Can you survive An Unholy Return: The 31 Games of Halloween?
34 Cliches of Christmas
Blood & Guts
By Cyril Lachel     |   Posted on December 14, 2007   |   Episode 23 (Show Archive)  


It's that time of year again, a time when Defunct Games celebrates the holidays by posting a daily theme article that should inform and delight gamers all over the world. This year we're taking a look at the video game cliche, the type of thing we've seen time and time again in all generations of gaming. Is this cliche realistic? Does it need to go away? These are the types of questions Defunct Games will be asking over the next month. Join us as we celebrate this joyous season with the 34 Cliches of Christmas!

Forget this disturbing cover art, why does Splatterhouse have a Tipper Sticker?
As Seen In: Mortal Kombat series, Killer Instinct, Time Killers, Gears of War, Splatterhouse, Manhunt, Resident Evil series, Silent Hill series, House of the Dead, and just about every other M-Rated game you can think of!

What Is It? It's gallons and gallons of virtual blood and guts splattered all across your video game screen. Although it didn't originate in the 1990s, it was the 16-bit generation that introduced the entire world to how vile and disgusting the games industry could be. It was games like Mortal Kombat and Time Killers that prompted the government to try and get involved with how the industry rated games. But beyond the controversy, there's no denying that most M-Rated games are filled with buckets of blood and more gore than you can stomach. This is not a new phenomenon, but even to this day blood and carnage is a big selling point for some gamers. With the invent of high definition TVs and more powerful consoles, there is more gore than ever before. Games like Gears of War recreate the bloody details of chopping somebody in half with a chainsaw. And while Manhunt isn't the best looking game on the planet, the sick and twisted things your "hero" is forced to do makes the carnage of Mortal Kombat look like another happy Mario game. The point is that today's games are not only violent, but full of blood and guts. I suppose I didn't need to tell you that, but it's a good reminder in case your mind has become complete desensitized to the look of blood and gore.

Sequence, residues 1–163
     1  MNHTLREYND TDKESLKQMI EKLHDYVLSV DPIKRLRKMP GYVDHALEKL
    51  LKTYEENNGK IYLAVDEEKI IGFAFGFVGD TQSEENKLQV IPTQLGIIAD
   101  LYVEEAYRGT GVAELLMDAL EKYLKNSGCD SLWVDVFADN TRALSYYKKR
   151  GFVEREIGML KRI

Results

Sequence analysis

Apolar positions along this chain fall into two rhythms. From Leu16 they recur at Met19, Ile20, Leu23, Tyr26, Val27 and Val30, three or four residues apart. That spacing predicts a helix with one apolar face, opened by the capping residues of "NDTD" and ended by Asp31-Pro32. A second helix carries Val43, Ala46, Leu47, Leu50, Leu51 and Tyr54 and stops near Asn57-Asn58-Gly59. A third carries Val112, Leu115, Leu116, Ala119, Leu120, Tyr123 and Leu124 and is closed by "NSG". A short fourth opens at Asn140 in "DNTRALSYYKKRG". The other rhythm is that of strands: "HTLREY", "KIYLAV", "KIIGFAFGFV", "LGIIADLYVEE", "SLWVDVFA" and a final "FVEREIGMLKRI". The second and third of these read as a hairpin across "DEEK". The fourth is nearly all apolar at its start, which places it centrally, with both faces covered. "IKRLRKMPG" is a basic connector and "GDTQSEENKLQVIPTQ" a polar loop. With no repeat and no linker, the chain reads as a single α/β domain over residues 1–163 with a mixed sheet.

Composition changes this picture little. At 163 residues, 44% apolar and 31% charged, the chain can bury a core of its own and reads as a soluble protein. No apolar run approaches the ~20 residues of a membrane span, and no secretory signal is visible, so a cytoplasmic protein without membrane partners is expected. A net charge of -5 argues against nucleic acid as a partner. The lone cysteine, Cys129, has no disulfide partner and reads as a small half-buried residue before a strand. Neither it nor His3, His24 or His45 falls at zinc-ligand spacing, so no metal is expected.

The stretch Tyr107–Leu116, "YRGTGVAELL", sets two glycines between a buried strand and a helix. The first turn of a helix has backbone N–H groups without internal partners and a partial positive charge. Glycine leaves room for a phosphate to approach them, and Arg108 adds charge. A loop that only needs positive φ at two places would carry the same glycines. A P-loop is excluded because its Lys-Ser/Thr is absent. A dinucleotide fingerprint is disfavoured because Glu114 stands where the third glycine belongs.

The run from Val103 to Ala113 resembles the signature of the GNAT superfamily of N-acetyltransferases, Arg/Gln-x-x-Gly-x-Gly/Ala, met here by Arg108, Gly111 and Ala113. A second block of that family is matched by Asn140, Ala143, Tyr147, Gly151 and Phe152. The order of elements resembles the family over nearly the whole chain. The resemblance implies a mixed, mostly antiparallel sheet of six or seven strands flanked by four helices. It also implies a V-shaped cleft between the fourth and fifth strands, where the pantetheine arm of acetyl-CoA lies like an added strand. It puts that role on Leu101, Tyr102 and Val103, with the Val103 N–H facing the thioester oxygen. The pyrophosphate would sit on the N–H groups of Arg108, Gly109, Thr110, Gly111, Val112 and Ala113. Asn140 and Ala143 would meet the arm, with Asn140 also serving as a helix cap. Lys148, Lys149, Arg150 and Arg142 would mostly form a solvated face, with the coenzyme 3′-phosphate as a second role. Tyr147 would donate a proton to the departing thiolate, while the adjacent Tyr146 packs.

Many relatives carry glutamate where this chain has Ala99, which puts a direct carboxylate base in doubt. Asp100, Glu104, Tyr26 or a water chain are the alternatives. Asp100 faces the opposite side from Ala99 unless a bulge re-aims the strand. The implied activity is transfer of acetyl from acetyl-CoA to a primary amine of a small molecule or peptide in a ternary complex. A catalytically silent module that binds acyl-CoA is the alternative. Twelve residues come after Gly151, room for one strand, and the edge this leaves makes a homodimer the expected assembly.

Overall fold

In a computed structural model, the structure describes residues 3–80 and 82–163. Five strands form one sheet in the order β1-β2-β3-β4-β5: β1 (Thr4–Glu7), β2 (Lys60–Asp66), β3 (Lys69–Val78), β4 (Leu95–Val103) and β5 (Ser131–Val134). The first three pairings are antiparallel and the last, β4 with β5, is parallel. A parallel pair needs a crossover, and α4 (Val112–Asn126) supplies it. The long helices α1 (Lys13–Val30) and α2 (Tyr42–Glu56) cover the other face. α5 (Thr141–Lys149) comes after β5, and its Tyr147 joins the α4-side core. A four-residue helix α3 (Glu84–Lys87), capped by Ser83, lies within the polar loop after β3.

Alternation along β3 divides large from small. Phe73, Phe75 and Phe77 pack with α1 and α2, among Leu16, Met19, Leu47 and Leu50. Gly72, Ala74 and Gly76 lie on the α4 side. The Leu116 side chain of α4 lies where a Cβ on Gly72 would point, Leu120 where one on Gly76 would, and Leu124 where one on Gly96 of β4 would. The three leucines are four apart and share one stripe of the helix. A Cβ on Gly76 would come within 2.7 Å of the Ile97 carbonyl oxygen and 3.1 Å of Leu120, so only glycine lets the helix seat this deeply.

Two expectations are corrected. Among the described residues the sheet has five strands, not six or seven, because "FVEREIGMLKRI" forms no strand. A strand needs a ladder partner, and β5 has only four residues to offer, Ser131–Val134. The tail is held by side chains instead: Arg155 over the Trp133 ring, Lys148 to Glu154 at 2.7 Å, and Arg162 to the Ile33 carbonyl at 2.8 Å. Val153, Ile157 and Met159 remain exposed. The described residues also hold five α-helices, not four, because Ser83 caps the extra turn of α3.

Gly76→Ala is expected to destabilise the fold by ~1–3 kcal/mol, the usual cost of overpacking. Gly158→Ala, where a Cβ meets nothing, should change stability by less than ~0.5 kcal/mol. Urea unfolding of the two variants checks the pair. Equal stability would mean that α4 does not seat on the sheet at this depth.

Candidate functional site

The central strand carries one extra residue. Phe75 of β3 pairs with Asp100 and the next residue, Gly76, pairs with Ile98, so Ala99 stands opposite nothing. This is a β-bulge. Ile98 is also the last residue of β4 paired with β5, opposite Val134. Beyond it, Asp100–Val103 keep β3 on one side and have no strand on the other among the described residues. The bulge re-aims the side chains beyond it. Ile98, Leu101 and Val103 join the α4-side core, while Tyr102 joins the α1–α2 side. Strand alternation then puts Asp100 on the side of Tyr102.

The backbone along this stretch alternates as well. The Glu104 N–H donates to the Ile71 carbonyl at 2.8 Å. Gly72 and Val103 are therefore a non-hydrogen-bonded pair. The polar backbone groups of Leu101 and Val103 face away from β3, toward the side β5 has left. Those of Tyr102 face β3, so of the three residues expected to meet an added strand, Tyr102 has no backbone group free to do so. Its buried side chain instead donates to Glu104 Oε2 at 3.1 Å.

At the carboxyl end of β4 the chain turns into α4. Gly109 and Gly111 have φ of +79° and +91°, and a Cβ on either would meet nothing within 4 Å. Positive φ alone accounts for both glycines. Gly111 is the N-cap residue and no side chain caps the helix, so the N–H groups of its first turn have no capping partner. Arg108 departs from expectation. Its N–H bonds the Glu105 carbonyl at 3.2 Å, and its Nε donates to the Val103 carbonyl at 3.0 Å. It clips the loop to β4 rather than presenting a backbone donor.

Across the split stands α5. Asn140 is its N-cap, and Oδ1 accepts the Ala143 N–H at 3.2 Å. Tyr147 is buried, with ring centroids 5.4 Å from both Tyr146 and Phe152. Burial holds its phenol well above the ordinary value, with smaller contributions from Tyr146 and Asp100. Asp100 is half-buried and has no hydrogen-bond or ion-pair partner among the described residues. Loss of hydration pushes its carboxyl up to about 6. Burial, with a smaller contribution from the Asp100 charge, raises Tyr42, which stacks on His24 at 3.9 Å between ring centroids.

Here Kano recreates his favorite moment in Indiana Jones & the Temple of Doom!
Is It Realistic? People bleed, that's just how it works. If you get shot or stabbed with a knife you're expected to bleed. In fact, most people would be extremely worried if you were shot and didn't bleed. They would form a prayer circle around you and burn you at the stake. But I digress; the concept of bleeding when you're injured isn't completely unrealistic. It's not the idea of the blood that is over-the-top; it's the amount of blood that crosses the line. If you were to go by video game logic then every time you got a paper cut a large fountain of blood would erupt from that cut. In a video game people don't run out of blood, so that frees the developer to make each character bleed gallons and gallons of blood. That isn't very realistic, but it's a video game, who wants realism?

Is It Overused? Of course it is, but I don't hear anybody complaining about the amount of blood in video games. Wait, I guess I hear Joe Liebermann, Hillary Clinton, Leeland Yee and other politicians complaining about the over-the-top blood and guts in modern video games. But they aren't complaining because it's a cliche, that's my job. I'll leave the politicians to fight it out whether or not Mortal Kombat is corrupting our youth, but I do know that I want to seeing the over-the-top blood effects in future games.



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